Q. I want to follow up on a couple of those other questions. You said Alabama has been the best team in the last three years, elite in the SEC. Are you thinking about the opportunity, like you said, not only for recruiting but that Oklahoma can play with the best in the best conference in the country?
COACH STOOPS: I'm not sure what your question is.
Q. I'd like to know how - are you guys thinking about that going into this game?
COACH STOOPS: Thinking about what we need to do to win just like we do each game, what are the things you do well, what are the things you've got to stay away from, how do we play smart and do the things that we're used to doing to give ourselves an opportunity to win the game. That's it.
Q. I know you were going to take the whole week before naming starting quarterbacks for the game. At what point will you let them know, and will you share with us how they practiced this week and how much will game plan factor into your decision here?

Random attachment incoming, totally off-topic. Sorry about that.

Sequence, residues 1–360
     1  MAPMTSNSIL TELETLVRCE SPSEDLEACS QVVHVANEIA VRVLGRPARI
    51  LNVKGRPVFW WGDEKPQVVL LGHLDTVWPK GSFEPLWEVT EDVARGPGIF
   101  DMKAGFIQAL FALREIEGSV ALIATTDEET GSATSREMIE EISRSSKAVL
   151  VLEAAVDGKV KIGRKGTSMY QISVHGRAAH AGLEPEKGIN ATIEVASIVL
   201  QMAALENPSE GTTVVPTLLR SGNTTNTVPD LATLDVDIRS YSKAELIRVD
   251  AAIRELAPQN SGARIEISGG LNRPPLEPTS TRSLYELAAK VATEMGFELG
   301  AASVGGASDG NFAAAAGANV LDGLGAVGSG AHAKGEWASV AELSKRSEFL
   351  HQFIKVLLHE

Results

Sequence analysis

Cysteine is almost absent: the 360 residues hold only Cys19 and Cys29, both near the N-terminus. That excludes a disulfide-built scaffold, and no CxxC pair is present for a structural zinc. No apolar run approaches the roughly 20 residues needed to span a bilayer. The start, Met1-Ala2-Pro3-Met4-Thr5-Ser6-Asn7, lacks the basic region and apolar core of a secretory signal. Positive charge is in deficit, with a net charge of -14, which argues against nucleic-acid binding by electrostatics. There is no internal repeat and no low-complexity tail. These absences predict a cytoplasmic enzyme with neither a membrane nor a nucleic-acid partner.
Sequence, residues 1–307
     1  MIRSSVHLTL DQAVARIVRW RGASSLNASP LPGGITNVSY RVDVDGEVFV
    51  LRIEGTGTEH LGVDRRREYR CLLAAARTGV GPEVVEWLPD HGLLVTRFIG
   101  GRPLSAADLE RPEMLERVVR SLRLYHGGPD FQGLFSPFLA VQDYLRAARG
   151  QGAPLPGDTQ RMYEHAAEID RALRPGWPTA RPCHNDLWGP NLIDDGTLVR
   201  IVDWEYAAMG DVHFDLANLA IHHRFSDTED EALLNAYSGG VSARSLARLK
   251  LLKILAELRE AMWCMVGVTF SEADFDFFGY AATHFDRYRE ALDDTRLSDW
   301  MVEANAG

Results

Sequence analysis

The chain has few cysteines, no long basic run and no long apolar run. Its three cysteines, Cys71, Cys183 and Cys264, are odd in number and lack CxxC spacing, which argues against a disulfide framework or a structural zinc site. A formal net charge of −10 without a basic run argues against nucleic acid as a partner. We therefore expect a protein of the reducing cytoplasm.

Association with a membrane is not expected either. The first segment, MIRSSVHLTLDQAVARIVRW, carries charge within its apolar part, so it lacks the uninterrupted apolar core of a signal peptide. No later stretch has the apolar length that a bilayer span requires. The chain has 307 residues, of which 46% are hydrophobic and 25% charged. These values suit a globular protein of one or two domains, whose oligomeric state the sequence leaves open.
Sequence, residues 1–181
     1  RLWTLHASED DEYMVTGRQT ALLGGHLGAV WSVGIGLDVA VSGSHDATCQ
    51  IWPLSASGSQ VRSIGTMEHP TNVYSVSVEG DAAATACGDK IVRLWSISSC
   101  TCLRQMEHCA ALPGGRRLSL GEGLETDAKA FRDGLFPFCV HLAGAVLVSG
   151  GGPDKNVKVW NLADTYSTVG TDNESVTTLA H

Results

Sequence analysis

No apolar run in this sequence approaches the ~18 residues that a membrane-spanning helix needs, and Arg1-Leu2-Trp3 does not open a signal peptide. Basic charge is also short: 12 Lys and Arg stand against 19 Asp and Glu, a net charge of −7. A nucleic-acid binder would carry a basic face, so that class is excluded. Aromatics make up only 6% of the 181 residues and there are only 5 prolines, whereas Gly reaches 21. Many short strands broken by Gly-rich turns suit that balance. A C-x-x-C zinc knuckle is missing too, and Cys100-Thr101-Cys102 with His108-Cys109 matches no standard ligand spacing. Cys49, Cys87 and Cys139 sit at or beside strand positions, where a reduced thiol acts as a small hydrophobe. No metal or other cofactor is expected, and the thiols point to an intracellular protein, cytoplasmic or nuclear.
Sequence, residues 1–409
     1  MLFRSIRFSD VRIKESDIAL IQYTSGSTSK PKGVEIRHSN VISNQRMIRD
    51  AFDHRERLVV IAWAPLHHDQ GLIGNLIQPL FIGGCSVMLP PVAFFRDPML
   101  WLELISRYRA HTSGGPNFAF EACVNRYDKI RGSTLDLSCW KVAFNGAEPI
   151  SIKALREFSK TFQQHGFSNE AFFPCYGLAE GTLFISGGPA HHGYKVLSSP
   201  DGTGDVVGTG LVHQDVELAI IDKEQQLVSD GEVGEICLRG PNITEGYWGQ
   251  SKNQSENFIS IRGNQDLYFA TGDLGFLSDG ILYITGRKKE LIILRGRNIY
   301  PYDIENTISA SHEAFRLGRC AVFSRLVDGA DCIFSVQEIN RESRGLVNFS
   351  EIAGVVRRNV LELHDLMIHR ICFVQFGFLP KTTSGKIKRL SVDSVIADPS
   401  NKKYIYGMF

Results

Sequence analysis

COACH STOOPS: They've practiced really well, just like they have through the year. They're very supportive of one another. And so that's something that we'll talk to them about going into the game. But they already know how we intend to play them.
Q. I was wondering, Eric Striker seems to live in the backfield. How much are you guys trying to get him back there and kind of disrupt what AJ McCarron can do throwing the ball?
COACH STOOPS: Eric Stryker has been a great spark for us all year. He's very quick off the ball and does a lot of great things. So he's always a factor in how we try and play, and hopefully he can make some plays tomorrow getting in the backfield and being disruptive. We do our best to turn him loose as much as we can.
Q. Coach Saban mentioned about the relationship he has with your family going back to your father. Wonder if you could touch on that.